Safeguarding machinery to prevent injuries

Generally speaking, every type of industrial machinery can be broken down into three basic elements, each of which may include many parts. First, there’s the point of operation, which is the location where the machine’s primary function is performed. Second is any part of the power transmission process, which connect the source of energy to the components that actually perform the work. Finally, there is normally some type of mechanical or electrical control that governs the operation of the machine.

The movement of machines and their component parts can create hazards to workers who are using the machinery or who are in close proximity. In addition to dangers presented at the point of operation, where the machine performs the cutting, bending, or other actions for which it was designed, hazards are also presented by the movement of any components, as well as by locations that provide pinch or shear points at which body parts or clothing could become trapped between moving and stationary elements.

Depending on the nature of the machinery, contact with those moving parts can lead to a long list of serious injuries, including amputations; crushed fingers, hands, or feet; damage to the face and eyes; or skin damage such as burns.

Types of safeguards

To reduce the potential for such injuries, any part of the machinery that presents a hazard must be addressed. If the hazard cannot be eliminated or controlled through engineering, the area presenting the problem must be safeguarded. Strategies for safeguarding workers can be divided into five broad types:

  • Physical guards, which are barriers that are either constructed as part of the machine or added to it. Some guards are fixed, permanent parts of the machine, designed to be strong enough to keep workers from coming in contact with moving parts and prevent any debris ejected by the moving parts from reaching the workers. Some guards are designed in an interlocking manner, in which removing or opening the guard prevents the machinery from operating. Workers must secure the guard in place before resuming work. Some guards can be adjusted to accommodate different tasks or workpiece sizes, whether they adjust automatically or require manual changes.
  • Changing location, in which the machinery or the moving parts are relocated to ensure they are at a safe distance from the workers’ location.
  • Feeding/ejection mechanisms, which automate the process of inserting materials in the machine and/or removing the finished product, eliminating the need for workers to have direct contact with the moving parts.
  • Safeguarding devices, which encompass a variety of equipment that prevents or limits access to the hazards. These can include everything from controls that require the worker to use both hands, gates that block access to moving parts, and sensing devices that identify when the worker is too close to the hazard.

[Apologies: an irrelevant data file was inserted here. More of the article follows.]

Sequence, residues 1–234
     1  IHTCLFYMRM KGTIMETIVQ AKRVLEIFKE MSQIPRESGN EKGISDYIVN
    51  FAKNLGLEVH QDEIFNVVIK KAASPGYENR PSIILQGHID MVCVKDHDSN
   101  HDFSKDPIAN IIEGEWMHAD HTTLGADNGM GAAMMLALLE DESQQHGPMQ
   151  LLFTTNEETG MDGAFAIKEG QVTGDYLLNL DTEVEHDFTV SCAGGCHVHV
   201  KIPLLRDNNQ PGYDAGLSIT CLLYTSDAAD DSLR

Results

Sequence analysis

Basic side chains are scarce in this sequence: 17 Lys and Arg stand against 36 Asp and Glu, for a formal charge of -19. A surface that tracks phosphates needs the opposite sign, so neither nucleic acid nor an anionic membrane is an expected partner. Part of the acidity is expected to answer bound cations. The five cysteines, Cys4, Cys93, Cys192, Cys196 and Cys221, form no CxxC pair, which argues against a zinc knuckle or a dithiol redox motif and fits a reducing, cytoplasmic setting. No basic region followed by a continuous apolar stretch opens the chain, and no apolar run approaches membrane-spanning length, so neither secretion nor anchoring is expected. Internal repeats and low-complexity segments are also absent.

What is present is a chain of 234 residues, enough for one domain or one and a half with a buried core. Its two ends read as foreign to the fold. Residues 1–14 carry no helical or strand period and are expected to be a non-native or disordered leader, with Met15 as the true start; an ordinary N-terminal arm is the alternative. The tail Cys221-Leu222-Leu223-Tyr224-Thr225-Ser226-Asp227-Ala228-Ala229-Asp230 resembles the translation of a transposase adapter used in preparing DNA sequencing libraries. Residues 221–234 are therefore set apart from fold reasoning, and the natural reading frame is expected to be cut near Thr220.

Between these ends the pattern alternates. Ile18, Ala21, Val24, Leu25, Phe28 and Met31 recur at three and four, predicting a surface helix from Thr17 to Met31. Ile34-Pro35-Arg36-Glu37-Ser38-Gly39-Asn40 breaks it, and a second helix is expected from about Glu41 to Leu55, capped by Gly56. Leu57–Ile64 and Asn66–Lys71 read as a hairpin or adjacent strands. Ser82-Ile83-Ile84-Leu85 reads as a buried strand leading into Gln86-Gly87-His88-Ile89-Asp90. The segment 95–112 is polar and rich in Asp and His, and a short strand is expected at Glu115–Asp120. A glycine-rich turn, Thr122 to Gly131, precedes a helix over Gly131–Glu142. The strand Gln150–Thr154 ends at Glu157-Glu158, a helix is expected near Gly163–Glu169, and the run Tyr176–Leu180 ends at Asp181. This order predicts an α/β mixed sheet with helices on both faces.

• Other aids include equipment such as shields and barriers, and tools the worker can use to push materials into the machinery or safely hold it in place while operations are being performed.

Standard requirements

No matter which type of safeguarding strategy is employed, it needs to assure worker safety in several ways. First, it must prevent workers, their extremities, and their clothing from coming in contact with any moving parts. It should also ensure that nothing can inadvertently be dropped into those moving parts. A tool or even something as small as a fastener could either cause damage to the machinery or be flung out as a projectile.

The safeguard cannot create new hazards. When designing a guard to protect workers, care must be given to ensure the guard doesn’t present any sharp edges, new pinch points, or other elements that could lead to injuries. It also should not interfere with the workers’ ability to perform their tasks or properly lubricate and maintain the equipment. Safeguards must also be designed in ways that prevent workers from removing them or otherwise tampering with them in ways that interfere with their effectiveness. They should also be sturdy enough to stand up the rigors of the task and the environment.

Safe work practices

Machine safeguards are an important component of assuring worker safety, but they’re only one element of a comprehensive approach. Workers must always wear the appropriate personal protective equipment (PPE) for the task and the nature of that machine, whether that’s goggles, a face shield, gloves, or other options. While the machine may have built-in safeguards, the added layer of protection may be needed to protect workers from debris and other objects.

Workers must also stay focused on the task being performed when machinery is operating. They cannot be distracted by other tasks or other workers. They should also stand clear of areas in which materials are loaded into or removed from machinery except when performing those actions.

Finally, another element of safeguarding workers is a robust lockout/tagout program to ensure that people who are working on or otherwise maintaining machinery are protected from it being accidentally energized.

Training matters, too

As with every other aspect of workplace safety, it’s critical that workers receive adequate training in issues related to machine safeguards. Workers need to have a complete understanding of how the machinery works, the hazards it presents, and how the safeguards protect them. They must be aware of any circumstances under which safeguards might be disabled or removed and who has the authority to do so, and what steps they should take if they discover that a safeguard is damaged or inoperative. Thorough hands-on training will ensure all the other efforts involved in protecting workers from dangerous encounters with machinery will be as effective as possible.

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